All Brandon Bostickhad to do was catch the football. He was on the Green Bay Packers’ “hands” team, sent out to handle an onside kick with 2:09 remaining in Saturday’s NFC Championship Game against the Seattle Seahawks. Bostick is a tight end on a team that uses its tight ends extensively, so supposedly he can catch the football. Did you see what happened with the onside kick? Somehow it missed his hands altogether and hit the facemask of his helmet. Seattle recovered, scored the go-ahead touchdown and prevailed in overtime, 28-22, to punch its ticket to the Super Bowl. As for Bostick, it might not be a good time to invest in long term real estate deals in Green Bay, Wisconsin.


The trademark for Dan Quinn when he was Florida’s defensive coordinator was halftime adjustments. Remember that trip to Aggieland in 2012 when Johnny Manziel ran the Gators ragged in the first half then could barely muster a first down in the second? That was Quinn at his best. When Quinn departed Gainesville for the NFL, things were never the same with the Gators. Yes, injuries ravaged the Gators in 2013, but D.J. Durkin was never the defensive coordinator Quinn was and the lack of halftime adjustments had almost as much to do with the slide from 11-2 to 4-8 as the injuries.

What we saw in the second half Sunday when the Seattle Seahawks made that miraculous comeback to beat the Green Bay Packers and advance to the Super Bowl was vintage Quinn. Green Bay dominated the first half for a 16-0 lead that was in no small part due to the contributions of Seattle quarterback Russell Wilson, who played the worst half of football of his career. Everything changed after the half, however. Running lanes shut down. The midrange passes that Aaron Rogers always had at his disposal in the first half were well covered. The same Seattle defense that struggled in the first half dominated the Packers in the second. Quinn kept the Seahawks in the game until Wilson and the offense figured a few things out. While Monday’s headlines will talk about the touchdown pass that Wilson threw in overtime to win the game, Quinn’s defense is what made it all possible.


Keep an eye on Houston Texans wide receivers coach Stan Hixon. He’s a Lakeland native who was the wide receivers coach and assistant head coach for Nick Saban at LSU from 2000-03. There are some whispers that he wants to return to (a) college football and (b) the state of Florida. Could he be on Jim McElwain’s radar? … There are reports that Quinn will be named head coach of the Atlanta Falcons the day after the Super Bowl. Those same reports say that a deal has been struck with Kyle Shanahan to become the Falcons’ offensive coordinator … There is another report that the San Francisco 49ers have Alabama offensive coordinator Lane Kiffin on their radar … Florida quality control assistant Blake Gideon will be a defensive graduate assistant at Auburn for Will Muschamp.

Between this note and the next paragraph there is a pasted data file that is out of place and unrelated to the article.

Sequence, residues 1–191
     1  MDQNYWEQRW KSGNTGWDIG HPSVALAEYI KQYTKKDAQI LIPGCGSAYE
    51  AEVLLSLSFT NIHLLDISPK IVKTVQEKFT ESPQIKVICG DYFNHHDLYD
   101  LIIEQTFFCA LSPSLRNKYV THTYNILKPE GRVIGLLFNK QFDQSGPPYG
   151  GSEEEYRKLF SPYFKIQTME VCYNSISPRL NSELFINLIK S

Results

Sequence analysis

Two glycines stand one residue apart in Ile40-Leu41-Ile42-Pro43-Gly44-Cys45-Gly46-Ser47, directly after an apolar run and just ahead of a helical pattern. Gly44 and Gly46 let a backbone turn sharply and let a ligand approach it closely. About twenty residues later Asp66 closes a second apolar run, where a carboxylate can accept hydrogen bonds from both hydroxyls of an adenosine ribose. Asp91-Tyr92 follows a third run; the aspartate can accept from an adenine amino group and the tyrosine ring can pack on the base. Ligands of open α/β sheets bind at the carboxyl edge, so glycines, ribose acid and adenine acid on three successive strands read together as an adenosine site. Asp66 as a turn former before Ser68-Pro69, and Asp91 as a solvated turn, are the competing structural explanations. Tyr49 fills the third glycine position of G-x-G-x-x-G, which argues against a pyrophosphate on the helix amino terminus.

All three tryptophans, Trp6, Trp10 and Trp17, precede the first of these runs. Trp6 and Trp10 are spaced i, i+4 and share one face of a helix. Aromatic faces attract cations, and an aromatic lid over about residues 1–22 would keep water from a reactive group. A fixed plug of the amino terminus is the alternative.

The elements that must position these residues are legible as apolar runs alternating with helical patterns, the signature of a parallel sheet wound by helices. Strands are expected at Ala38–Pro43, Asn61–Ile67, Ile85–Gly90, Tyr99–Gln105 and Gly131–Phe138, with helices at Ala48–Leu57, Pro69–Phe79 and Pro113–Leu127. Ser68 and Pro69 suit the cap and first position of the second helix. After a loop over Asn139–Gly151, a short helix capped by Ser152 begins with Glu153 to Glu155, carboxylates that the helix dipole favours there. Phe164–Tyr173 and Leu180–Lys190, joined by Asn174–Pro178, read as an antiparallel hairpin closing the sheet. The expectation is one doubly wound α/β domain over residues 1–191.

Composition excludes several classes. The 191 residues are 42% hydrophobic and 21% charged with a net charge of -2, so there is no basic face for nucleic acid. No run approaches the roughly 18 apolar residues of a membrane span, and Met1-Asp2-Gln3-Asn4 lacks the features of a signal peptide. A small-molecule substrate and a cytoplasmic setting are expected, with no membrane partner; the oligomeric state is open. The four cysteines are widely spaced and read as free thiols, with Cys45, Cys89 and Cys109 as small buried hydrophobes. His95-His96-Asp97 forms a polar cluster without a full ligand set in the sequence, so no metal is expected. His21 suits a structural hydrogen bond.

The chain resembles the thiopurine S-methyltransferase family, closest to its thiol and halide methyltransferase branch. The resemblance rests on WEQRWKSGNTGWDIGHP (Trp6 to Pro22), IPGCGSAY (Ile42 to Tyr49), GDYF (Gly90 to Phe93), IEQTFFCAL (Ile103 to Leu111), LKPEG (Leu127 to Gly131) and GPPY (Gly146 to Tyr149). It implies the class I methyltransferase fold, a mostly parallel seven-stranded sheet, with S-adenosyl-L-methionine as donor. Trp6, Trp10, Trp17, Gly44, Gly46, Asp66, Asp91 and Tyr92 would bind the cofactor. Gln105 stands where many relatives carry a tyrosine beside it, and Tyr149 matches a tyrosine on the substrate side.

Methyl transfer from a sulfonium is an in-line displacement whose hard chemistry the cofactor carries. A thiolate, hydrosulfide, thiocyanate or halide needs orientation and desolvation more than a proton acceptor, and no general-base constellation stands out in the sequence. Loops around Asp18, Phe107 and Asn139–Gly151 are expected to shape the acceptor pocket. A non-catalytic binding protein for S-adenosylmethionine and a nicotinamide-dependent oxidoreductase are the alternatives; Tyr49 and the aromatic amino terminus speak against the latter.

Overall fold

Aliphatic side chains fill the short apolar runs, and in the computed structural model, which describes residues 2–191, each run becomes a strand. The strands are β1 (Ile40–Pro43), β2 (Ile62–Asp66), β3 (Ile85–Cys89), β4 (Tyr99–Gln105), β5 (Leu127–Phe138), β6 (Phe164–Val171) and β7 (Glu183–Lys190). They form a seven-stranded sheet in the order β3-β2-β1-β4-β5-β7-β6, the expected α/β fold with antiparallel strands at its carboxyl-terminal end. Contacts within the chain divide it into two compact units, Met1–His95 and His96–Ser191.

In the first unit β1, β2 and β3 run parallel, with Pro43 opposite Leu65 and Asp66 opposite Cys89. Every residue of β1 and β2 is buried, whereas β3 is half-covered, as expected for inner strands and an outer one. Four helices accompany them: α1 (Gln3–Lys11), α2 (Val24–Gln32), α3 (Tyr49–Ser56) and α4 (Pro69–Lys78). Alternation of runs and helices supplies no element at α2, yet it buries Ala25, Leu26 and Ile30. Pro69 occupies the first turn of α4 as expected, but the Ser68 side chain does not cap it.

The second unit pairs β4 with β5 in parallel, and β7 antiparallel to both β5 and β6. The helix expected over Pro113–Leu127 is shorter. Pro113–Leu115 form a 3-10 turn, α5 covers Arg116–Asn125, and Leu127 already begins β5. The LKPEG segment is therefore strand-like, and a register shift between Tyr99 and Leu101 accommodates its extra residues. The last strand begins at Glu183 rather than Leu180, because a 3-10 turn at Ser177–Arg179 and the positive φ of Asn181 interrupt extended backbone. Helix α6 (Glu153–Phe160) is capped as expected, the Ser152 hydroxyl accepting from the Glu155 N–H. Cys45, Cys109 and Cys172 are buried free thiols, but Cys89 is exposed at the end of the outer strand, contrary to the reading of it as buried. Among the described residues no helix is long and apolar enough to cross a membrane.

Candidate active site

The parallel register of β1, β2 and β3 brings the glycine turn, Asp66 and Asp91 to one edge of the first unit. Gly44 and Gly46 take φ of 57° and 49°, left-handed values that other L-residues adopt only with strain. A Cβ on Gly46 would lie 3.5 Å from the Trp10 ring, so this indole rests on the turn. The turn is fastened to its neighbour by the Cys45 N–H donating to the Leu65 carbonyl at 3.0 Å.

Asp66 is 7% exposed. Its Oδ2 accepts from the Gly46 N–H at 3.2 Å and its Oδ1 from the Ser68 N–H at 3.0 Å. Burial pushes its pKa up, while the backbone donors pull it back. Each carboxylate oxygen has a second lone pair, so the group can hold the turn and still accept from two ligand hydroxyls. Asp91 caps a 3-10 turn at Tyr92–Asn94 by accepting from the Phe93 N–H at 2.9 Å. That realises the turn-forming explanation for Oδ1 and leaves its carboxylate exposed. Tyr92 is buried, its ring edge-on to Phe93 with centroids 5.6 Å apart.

Because they so rarely sell out Sun Life Stadium, Miami is going to hang banners in the upper deck of each end zone in an attempt to make the stadium look like it’s got a big crowd. Capacity is 75,000 but with reduced capacity due to renovations and the banners, the U will only have to sell 55,000 seats for a sellout ... There was a press conference at Ohio State Thursday to announce that quarterback Cardale Jones will be returning for his junior year rather than bolt for the NFL. On Mike and Mike Friday, Jones made it a point to tell the audience that the press conference wasn’t his idea … The press conference for Jones paled in comparison to the one Mississippi State held when Dak Prescott announced he’s returning. Mississippi State released a video that’s akin to Superman returning to Smallville … CBS basketball analyst Greg Anthony was arrested in Washington, DC and charged with soliciting a prostitute. CBS suspended Anthony indefinitely and it’s being reported that he will not work again this basketball season … Princeton’s spring game will be held in Osaka, Japan, where the Tigers will face Kwansei Gakuin University, Japan’s national college football champs. Yes, they play college football in Japan and it’s catching on in Korea, too … In California, the head girls basketball coach at Arroyo Valley High School was suspended two games for beating Bloomington High School, 161-2. The score was 104-1 at the half. The coach at Bloomington said nobody should feel sorry for his team but should feel sorry for the Arroyo coach because his teams don’t learn the game the right way. Huh?


Do you see cost of attendance scholarships a good thing or do you think it’s going to prove to be a nightmare for the NCAA?


I was in the mood for Southern rock and roll this weekend, which meant listening to some Widespread Panic. I’ve always been partial to their 1994 release “Ain’t Life Grand.” This is a live version of the title song of the album, performed in 2008 at their induction into the Georgia Music Hall of Fame.

Fightin Gators Top Stories